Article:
The San Jose Mercury News is reporting that a federal judge in San Francisco today struck down California's ban on same-sex marriage, saying it violates the U.S. Constitution.
The news comes seven months after the trial was held in January and nearly two years after the controversial measure, known as Proposition 8, was backed by voters in November 2008.
From the Mercury News' report:
In a 136-page ruling, Chief U.S. District Judge Vaughn Walker sided with two same-sex couples who challenged voter-approved Proposition 8, which embedded a ban on gay marriage in the California constitution and wiped out a prior California Supreme Court ruling that briefly legalized same-sex nuptials across the state. Walker ordered that Proposition 8 should be immediately voided, and same-sex couples be given the chance marry across California.
"Moral disapproval alone is an improper basis on which to deny rights to gay men and lesbians," the judge wrote. "The evidence shows conclusively that Proposition 8 enacts, without reason, a private moral view that same-sex couples are inferior to opposite sex couples.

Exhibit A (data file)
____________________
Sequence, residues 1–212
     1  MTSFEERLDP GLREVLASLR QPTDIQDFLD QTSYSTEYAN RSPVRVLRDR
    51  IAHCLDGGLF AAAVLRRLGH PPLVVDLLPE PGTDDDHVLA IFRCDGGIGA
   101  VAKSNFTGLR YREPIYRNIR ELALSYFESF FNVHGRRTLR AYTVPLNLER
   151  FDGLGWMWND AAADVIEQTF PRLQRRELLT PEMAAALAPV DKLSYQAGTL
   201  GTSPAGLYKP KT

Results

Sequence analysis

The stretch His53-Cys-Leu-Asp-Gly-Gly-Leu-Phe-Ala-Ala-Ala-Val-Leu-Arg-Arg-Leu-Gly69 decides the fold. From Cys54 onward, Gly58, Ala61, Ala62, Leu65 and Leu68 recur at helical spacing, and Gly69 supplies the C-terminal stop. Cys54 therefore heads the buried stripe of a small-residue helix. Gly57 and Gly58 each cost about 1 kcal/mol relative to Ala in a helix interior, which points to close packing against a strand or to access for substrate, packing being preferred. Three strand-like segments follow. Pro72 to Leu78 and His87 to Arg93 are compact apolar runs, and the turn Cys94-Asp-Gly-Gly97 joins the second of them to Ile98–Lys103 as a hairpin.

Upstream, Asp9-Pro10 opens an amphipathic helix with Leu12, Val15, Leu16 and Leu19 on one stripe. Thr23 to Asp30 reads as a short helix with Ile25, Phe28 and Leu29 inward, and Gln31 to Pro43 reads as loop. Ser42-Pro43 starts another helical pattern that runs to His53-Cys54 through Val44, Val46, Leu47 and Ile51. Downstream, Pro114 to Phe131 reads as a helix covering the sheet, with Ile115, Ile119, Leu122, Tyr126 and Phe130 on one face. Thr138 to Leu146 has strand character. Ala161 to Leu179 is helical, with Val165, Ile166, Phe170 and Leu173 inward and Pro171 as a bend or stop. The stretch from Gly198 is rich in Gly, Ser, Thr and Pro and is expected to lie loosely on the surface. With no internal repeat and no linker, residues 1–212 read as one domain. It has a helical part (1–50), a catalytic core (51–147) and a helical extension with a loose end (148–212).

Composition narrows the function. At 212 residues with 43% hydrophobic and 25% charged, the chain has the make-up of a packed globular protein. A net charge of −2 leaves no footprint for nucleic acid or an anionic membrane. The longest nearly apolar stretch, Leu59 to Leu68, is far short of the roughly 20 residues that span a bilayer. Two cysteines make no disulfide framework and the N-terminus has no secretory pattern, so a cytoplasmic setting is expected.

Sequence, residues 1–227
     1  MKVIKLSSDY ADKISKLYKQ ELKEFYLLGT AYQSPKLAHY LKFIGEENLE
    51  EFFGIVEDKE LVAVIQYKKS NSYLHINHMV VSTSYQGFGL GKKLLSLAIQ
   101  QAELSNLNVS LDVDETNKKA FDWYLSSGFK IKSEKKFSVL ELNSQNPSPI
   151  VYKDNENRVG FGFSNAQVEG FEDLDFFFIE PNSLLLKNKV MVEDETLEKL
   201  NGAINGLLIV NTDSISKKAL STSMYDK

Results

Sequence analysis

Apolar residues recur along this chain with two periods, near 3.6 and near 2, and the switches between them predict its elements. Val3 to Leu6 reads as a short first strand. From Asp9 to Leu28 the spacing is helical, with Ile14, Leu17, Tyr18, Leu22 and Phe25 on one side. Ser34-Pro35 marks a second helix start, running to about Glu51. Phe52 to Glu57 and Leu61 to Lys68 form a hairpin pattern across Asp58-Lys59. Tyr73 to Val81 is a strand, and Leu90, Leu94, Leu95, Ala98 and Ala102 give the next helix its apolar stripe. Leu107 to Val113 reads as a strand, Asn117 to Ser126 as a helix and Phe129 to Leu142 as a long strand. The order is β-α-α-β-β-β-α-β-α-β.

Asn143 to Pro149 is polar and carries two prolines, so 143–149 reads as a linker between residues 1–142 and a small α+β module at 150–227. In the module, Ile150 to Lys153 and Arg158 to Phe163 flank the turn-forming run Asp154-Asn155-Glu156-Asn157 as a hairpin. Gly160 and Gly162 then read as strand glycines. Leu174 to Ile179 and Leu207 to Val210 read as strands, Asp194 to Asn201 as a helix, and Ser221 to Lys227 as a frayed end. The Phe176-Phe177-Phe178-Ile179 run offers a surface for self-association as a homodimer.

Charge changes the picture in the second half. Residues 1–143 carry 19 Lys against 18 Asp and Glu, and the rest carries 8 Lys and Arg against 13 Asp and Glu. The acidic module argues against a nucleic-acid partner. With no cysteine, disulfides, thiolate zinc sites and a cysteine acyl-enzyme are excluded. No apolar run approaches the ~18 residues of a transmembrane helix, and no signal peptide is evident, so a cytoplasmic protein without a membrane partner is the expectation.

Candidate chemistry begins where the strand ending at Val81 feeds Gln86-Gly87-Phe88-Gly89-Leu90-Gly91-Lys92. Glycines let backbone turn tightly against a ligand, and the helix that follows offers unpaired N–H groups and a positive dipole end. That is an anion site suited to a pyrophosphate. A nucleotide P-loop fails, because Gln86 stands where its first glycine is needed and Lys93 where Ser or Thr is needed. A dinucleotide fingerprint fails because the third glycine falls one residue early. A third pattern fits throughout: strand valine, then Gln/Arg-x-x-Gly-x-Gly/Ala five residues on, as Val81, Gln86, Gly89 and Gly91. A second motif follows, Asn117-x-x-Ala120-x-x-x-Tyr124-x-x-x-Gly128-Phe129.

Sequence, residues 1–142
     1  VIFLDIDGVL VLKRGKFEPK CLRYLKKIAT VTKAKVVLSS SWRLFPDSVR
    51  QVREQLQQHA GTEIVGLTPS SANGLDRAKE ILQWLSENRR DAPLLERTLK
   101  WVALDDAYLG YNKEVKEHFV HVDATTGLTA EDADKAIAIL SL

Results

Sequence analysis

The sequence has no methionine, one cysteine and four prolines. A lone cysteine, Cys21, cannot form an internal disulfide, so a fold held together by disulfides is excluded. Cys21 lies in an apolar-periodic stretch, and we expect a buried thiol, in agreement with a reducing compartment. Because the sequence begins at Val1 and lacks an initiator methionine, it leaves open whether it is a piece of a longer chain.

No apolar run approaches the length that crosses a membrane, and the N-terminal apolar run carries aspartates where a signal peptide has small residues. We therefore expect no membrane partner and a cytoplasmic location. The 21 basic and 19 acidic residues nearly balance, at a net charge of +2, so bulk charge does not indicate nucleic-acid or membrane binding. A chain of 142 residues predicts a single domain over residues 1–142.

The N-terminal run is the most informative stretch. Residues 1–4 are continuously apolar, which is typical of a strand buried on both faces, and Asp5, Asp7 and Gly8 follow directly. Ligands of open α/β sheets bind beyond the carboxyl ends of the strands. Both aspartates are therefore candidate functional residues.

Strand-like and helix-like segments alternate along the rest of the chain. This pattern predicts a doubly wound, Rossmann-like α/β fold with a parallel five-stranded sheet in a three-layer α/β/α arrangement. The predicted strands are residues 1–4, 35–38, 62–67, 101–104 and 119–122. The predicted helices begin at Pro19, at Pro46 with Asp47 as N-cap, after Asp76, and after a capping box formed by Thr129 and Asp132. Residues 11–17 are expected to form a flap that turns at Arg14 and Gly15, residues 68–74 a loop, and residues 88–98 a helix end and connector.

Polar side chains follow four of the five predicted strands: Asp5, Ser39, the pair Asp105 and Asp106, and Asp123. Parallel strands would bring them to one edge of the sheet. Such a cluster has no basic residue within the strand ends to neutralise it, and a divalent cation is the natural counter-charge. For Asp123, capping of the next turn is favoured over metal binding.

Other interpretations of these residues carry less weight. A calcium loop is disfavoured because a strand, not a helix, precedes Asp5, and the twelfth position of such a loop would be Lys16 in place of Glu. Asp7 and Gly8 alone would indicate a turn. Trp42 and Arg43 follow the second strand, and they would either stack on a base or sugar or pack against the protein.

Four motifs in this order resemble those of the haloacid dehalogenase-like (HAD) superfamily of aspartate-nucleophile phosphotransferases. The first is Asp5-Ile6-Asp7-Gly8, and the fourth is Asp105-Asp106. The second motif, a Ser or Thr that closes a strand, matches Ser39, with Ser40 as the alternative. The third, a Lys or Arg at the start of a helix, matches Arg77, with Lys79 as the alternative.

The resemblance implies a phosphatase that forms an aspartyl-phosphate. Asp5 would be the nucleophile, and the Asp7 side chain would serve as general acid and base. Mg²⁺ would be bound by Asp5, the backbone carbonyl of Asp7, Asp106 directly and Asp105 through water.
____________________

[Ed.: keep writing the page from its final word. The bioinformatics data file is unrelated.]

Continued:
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Prop. 8 defenders have already vowed to ask an appeals court to immediately stay Walker's order.
With demonstrations and vigils at the ready in San Francisco and elsewhere, the judge based his decision on an unprecedented trial held in January, a crucial turn in the first federal court test in the nation of a state law forbidding same-sex marriage. Walker's decision is expected to be appealed swiftly to the 9th U.S. Circuit Court of Appeals, and defenders of Prop. 8 moved even before the ruling to seek a stay that would preserve the status quo to prevent gay and lesbian couples from marrying while the legal battle continues to unfold.
More reporting on same-sex marriage on the NCR website:
- Polls find shifts on gay marriage ban, August 4
- Gay debate mirrors church split on slavery, August 4